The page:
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What One Romney Interview Wrought

Friday, August 29, 2014  |  posted by Hugh Hewitt

GOP 2012 presidential nominee Mitt Romney joined me on air Tuesday –the complete audio and transcript of the interview are here– and our brief conversation unleashed an avalanche of commentary.  Here’s a sample:




Commentary Magazine:


New Yorker: Continue Reading

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Wisconsin Senator Ron Johnson On POTUS, Hillary

Friday, August 29, 2014  |  posted by Hugh Hewitt

Wisconsin Senator Ron Johnson completed Badger week today, talking with me about President Obama’s presser today and Hillary’s memoir.

Audio of interview:


Transcript of interview:

HH: Pleased to welcome on Badger week when we’ve had Paul Ryan, Reince Priebus and Governor Scott Walker, Wisconsin’s great Senator, Ron Johnson. Senator Johnson, welcome, good to have you on the program.

RJ: Hello, Hugh, how are you doing?

HH: I’m terrific. I’ve got a lot to cover with you, but I want to start, I haven’t talked to you since Hillary’s memoir came out, Hard Choices. And on Page 412, she writes about her hearing in front of your committee, “Some of the members of Congress asked thoughtful questions aimed at applying the hard lessons we had learned and improving future operations. Others remained fixated on chasing after conspiracy theories that had nothing to do with how we could prevent future tragedies. And some only showed up because of the cameras. They had skipped closed hearings when there wasn’t a chance of being on TV.” Skip a few paragraphs, and she goes, “I was asked about this repeatedly during my Congressional testimony. I personally was not focused on talking points. I was focused on keeping people safe, I responded. At one point during some particularly tendentious questioning, the exchange grew heated. Afterwards, some of my words were taken out of context for political purposes.” She didn’t mention you, Senator Johnson, but do you think you were being tendentious?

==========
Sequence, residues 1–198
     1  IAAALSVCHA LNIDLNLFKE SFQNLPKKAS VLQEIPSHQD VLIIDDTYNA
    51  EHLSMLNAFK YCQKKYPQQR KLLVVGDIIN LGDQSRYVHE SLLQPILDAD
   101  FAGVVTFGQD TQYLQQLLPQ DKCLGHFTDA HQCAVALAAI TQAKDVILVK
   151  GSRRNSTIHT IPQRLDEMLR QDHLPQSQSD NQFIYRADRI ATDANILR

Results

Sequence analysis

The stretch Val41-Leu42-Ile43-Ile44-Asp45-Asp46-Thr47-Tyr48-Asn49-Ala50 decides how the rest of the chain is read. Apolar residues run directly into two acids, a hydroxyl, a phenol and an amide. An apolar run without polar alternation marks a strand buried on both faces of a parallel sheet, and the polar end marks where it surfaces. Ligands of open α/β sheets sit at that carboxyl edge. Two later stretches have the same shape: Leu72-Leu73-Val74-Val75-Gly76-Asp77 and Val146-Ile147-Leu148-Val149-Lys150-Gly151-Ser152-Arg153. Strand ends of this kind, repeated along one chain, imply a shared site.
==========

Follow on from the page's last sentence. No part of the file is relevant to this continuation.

RJ: Absolutely not. I was just asking three simple questions. Madame Secretary, why didn’t you just get on the phone and call the survivors. You would have actually found out what happened. You would have found out that there was no protest, that the attack occurred, I think it started at 9:40, and you wouldn’t have had to mislead the American people for two weeks. So no, you know, apparently she just didn’t want to answer that kind of uncomfortable question. But it certainly wasn’t tendentious. Continue Reading

Scott Walker On His Re-election and MSM Throwing In With His Opponents

Thursday, August 28, 2014  |  posted by Hugh Hewitt

Wisconsin Republican governor Scott Walker file

Wisconsin’s Governor Scott Walker has had a wildly successful first term by any reasonable measure made by any reasonable man or woman, but that just makes his defeated political opponents and their allies in MSM all the angrier.  He was my guest on today’s show, and while we went over the details of Wisconsin’s great turnaround during his tenure and because of his policies –detailed in the new edition of his book Unintimidated– we also spoke about the complicity of Manhattan-Beltway media elites in trying to assist his political opponents.

You can help Scott Walker win –again– via his website

The interview audio:


The interview transcript:

HH: The Wisconsin week on the Hugh Hewitt Show continues. Joined now by the governor of that wonderful state, Governor of Wisconsin, Scott Walker. Governor, I’ve had on Reince Priebus and Paul Ryan and Ron Johnson this week. It’s like Badger week.

SW: It is a Cheesehead revolution. Yeah, a bunch of my good friends. Ron and I came in together four years ago, he in the United States Senator, obviously, and me as Governor. And Paul Ryan and I grew up down the way about 50 miles to the west of me, and Reince Priebus was about 20 miles to the east. So there must have been something in the water back then.

HH: I know. And Minnesota must have an inferiority complex, because you’ve got four of the key GOP leaders in the country, and Minnesota’s like a wasteland of GOP talent at this point, although Mike McFadden might turn that around. They’ve got a great governor candidate as well. But let’s turn to your race, Governor Walker. I just finished rereading Unintimidated, along with your new Epilogue. You stand for reelection in like 90 days. I don’t know how anyone can make an argument that what you did isn’t working, but what are the Democrats throwing at you?